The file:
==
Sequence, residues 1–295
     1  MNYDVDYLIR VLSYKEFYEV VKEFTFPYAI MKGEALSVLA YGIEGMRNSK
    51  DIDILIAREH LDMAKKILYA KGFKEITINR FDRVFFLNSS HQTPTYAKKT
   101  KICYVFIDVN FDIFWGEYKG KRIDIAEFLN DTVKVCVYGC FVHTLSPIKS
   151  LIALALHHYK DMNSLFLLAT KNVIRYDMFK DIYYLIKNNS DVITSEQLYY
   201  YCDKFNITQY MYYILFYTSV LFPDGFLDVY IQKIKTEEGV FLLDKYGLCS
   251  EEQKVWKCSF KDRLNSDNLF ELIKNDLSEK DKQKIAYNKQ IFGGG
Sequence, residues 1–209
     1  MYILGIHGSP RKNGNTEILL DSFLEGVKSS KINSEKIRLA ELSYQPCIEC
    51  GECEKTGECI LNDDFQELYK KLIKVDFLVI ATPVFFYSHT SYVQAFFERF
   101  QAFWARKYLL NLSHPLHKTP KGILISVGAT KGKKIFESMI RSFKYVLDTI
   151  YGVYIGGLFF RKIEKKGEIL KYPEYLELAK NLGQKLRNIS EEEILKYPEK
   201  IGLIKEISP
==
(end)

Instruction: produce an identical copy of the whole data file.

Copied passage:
Sequence, residues 1–295
     1  MNYDVDYLIR VLSYKEFYEV VKEFTFPYAI MKGEALSVLA YGIEGMRNSK
    51  DIDILIAREH LDMAKKILYA KGFKEITINR FDRVFFLNSS HQTPTYAKKT
   101  KICYVFIDVN FDIFWGEYKG KRIDIAEFLN DTVKVCVYGC FVHTLSPIKS
   151  LIALALHHYK DMNSLFLLAT KNVIRYDMFK DIYYLIKNNS DVITSEQLYY
   201  YCDKFNITQY MYYILFYTSV LFPDGFLDVY IQKIKTEEGV FLLDKYGLCS
   251  EEQKVWKCSF KDRLNSDNLF ELIKNDLSEK DKQKIAYNKQ IFGGG
Sequence, residues 1–209
     1  MYILGIHGSP RKNGNTEILL DSFLEGVKSS KINSEKIRLA ELSYQPCIEC
    51  GECEKTGECI LNDDFQELYK KLIKVDFLVI ATPVFFYSHT SYVQAFFERF
   101  QAFWARKYLL NLSHPLHKTP KGILISVGAT KGKKIFESMI RSFKYVLDTI
   151  YGVYIGGLFF RKIEKKGEIL KYPEYLELAK NLGQKLRNIS EEEILKYPEK
   201  IGLIKEISP